Ridding one's self of a troublesome year of personal struggles, economic hard times, and worries about the future is not an easy task.
But, the promise of a New Year breaking at Midnight has inspired the hopeful to shrug off the blues (wash that grey right out of their hair!) and face 2012 with optimism.
With that in mind, revellers will be tossing on a festive hat and streaming into the streets in droves tonight to kick up their heels, rattle quite a few noise-makers, and toast their best buds (and anyone who staggers their way!) with a glass or two of chilled bubbly.
In San Francisco, thousands are expected to turn up full of glee - and at-the-ready to party-hearty at the harbour, where a spectacular fireworks display will be waiting to dazzle 'em when the big "ball" falls and the clock strikes midnight at the "bewitching" hour!
In fact, over the past twenty-four hours, city workers have been preparing for the onslaught of tipsy guests!
There will be many road-blocks, and a lot of restricted parking areas, so the worldly-wise may want to take advantage of free transportation being offered up by both Muni and Bart into the wee hours of the early morn!
Around town, the tony elite will be swarming in to trendy nightclubs to toast the town, too.
For those with an exotic flair for the dramatic, the annual Masquerade Ball at the San Francisco Symphony, is a sure bet!
Meanwhile, a posse of nature lovers are expected to take the trek out on the "N" train to catch the celebrations at Ocean Beach.
The truly hearty may pitch a tent, and spend the night, so they can jump up at the crack-of-dawn and participate in the Polar Bear swim!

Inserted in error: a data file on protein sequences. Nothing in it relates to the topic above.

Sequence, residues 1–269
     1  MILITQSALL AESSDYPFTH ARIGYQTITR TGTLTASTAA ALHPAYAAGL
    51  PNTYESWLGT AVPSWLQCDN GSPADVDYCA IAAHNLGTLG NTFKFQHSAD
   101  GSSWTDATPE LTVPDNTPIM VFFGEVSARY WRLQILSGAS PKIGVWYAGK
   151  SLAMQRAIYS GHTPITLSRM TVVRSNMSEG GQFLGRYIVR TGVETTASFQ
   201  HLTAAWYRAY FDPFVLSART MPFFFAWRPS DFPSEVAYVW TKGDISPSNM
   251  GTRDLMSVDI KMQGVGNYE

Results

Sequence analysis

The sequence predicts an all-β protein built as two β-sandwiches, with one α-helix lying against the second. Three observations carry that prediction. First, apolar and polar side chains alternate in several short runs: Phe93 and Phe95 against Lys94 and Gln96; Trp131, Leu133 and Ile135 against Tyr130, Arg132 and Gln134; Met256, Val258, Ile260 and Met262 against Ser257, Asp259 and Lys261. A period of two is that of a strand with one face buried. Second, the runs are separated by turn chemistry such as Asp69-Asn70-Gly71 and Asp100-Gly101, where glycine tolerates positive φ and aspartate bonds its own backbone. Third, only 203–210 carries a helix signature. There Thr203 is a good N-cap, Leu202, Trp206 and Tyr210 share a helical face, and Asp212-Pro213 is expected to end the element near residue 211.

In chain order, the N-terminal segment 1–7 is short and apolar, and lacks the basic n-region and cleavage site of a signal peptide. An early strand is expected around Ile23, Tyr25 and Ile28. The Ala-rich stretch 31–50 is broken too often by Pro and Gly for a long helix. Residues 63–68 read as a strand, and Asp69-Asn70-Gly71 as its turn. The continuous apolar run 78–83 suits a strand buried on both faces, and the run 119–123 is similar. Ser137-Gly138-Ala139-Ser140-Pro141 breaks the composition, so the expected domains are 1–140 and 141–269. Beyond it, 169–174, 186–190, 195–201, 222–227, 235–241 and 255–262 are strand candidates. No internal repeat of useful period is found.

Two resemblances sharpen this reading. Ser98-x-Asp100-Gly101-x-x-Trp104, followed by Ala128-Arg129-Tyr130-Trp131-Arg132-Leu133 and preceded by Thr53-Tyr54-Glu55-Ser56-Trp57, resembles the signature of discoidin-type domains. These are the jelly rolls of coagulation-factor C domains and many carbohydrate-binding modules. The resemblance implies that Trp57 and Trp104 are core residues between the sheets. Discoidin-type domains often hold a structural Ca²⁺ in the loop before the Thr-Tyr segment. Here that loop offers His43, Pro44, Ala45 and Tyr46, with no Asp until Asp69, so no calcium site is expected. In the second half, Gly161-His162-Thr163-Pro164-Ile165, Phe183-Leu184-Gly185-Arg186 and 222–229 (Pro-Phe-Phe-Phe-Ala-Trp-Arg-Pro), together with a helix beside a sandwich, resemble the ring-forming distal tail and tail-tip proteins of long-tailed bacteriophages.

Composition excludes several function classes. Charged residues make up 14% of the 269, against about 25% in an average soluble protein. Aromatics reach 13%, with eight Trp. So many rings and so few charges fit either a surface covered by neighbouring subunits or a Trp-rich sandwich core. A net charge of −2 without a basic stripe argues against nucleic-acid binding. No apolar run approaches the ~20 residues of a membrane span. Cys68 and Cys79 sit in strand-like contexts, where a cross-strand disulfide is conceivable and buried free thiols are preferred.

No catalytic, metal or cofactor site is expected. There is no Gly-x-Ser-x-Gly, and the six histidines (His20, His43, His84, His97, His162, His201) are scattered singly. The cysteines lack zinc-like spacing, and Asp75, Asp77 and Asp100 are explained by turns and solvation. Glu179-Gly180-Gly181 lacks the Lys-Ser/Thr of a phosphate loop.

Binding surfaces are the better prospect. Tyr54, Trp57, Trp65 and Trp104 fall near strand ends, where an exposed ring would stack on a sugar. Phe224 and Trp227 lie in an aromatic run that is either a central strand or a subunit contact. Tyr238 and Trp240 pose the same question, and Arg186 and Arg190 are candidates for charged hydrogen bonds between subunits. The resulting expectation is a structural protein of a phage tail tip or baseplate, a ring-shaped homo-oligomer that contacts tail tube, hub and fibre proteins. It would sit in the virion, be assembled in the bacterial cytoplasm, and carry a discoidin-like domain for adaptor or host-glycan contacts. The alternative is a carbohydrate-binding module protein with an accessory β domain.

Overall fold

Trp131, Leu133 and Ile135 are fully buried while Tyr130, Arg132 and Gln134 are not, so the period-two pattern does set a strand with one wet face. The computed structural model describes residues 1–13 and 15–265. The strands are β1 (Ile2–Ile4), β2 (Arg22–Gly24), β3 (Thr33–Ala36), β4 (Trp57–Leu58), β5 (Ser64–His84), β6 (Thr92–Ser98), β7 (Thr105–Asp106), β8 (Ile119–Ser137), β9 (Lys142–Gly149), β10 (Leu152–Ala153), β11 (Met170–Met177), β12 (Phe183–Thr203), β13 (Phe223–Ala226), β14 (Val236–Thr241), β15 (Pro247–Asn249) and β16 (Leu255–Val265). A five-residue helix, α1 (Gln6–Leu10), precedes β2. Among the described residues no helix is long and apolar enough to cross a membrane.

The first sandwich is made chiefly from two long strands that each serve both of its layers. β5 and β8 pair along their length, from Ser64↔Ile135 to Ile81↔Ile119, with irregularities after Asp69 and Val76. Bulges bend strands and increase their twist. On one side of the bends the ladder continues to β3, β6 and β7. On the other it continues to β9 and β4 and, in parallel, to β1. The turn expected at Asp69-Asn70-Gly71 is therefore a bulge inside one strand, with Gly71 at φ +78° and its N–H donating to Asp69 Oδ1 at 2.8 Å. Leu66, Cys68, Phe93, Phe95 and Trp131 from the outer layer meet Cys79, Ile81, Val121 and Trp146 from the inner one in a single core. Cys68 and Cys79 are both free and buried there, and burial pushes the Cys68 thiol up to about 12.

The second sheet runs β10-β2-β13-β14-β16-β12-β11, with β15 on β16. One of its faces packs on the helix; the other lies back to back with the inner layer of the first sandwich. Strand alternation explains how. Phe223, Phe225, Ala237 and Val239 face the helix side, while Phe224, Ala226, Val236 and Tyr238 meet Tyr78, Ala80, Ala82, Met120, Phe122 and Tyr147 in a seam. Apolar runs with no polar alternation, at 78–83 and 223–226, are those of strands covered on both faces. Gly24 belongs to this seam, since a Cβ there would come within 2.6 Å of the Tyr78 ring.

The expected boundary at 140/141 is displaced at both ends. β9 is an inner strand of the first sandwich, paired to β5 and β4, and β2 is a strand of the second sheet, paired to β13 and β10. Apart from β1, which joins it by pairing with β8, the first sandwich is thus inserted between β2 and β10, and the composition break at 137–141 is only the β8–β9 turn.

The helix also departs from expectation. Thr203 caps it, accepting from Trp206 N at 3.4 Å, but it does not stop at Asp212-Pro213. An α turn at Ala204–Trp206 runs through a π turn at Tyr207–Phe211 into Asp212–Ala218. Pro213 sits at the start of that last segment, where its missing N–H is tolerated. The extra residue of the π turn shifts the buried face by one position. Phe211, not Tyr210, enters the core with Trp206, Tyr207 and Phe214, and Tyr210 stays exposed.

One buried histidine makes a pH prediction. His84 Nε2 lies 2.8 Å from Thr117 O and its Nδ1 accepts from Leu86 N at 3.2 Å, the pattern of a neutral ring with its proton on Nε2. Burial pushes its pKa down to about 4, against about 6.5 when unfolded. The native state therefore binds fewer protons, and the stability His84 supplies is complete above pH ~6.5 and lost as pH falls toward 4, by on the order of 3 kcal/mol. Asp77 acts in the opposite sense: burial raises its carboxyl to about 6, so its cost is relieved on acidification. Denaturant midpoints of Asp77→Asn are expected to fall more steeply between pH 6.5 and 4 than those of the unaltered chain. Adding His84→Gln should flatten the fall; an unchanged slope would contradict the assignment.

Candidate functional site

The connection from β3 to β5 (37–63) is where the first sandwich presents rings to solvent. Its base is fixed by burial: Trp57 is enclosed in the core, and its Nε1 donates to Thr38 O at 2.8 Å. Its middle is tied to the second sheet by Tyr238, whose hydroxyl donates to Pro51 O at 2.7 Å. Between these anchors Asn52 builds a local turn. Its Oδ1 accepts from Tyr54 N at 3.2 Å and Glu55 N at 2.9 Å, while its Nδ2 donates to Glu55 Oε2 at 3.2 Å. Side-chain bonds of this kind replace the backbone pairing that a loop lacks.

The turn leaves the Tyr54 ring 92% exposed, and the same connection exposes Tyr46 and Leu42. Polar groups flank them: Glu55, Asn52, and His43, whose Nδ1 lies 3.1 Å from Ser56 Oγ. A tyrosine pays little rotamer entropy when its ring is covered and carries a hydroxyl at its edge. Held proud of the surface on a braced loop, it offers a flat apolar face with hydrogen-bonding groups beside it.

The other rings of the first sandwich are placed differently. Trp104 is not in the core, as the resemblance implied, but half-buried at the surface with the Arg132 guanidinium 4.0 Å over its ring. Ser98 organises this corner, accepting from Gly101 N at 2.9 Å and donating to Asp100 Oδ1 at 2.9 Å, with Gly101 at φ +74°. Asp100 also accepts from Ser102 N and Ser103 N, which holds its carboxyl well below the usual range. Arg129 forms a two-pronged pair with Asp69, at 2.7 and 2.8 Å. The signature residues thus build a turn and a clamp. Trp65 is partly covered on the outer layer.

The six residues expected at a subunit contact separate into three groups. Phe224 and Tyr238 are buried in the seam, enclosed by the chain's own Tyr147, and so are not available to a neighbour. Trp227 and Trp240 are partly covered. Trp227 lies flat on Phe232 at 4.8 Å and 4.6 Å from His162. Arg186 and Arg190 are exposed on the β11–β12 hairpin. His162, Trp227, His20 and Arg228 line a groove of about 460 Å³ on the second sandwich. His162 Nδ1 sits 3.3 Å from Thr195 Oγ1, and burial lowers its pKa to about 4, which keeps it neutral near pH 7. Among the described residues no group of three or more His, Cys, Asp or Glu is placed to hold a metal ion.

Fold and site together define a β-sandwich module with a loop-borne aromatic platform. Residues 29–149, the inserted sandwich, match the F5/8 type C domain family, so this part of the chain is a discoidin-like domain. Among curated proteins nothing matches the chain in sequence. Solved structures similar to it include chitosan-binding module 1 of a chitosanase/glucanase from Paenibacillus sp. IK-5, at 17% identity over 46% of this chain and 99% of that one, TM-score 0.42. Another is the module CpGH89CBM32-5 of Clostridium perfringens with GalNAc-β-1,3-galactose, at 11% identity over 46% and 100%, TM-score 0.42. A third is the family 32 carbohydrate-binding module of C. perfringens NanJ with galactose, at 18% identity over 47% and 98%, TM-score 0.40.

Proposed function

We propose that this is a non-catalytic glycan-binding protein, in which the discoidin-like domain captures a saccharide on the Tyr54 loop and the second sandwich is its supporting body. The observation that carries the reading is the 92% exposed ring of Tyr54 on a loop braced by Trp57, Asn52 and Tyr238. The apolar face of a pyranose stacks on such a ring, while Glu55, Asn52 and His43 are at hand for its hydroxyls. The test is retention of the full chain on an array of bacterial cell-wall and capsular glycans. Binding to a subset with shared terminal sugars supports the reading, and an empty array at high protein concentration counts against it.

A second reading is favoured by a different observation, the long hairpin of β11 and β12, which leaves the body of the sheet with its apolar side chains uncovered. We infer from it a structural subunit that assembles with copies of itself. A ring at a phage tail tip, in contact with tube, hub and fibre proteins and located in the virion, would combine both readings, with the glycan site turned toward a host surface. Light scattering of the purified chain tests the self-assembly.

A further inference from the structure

In that event, a few hot toddies may be in tall order so they don't catch their death of cold!
Yesterday afternoon, ING - the bank with the ubiquitous presence on the Internet - splashed downtown San Francisco with a dollop of brilliant "orange" at their spanking-new ING Direct Cafe launch - which got underway at about 2 p.m. in the middle of the afternoon just off Union Square.
While solemn bankers waited on bored customers shifting their feet back-and-forth at Chase and Citibank branches just a hop-and-a-skip away down the street - account-holders and potential new clients at ING lounged about high-tech environs (the orange and silver color scheme complemented the slate-black straight-back chairs, eclectic hardwood tables, and pricey bleached floors underfoot) as they tossed back imported ales, devoured delectable pastries (courtesy of "Wholesome Bakery" and "Sweet Constructions") and chatted up a stream of well-wishers there to tout the banking innovator's expansion in the Bay area.
At the sparkling new 17,000-square-foot facility (housed in the former Diesel apparel store) staff members have been skillfully trained to whip up lattes, answer questions about checking accounts and mortgages, and work the call center on the top floor.
Teller windows have gone by the way of the dinosaur, too.
Although there is an ATM on site, employees are barred from dispensing cash for banking purposes, go figure.
The "suits" behind the visionary attempt to transform the banking system are counting on account-holders (and potentially-new clients) to pop in and take advantage of their informal social hub for personal and professional reasons.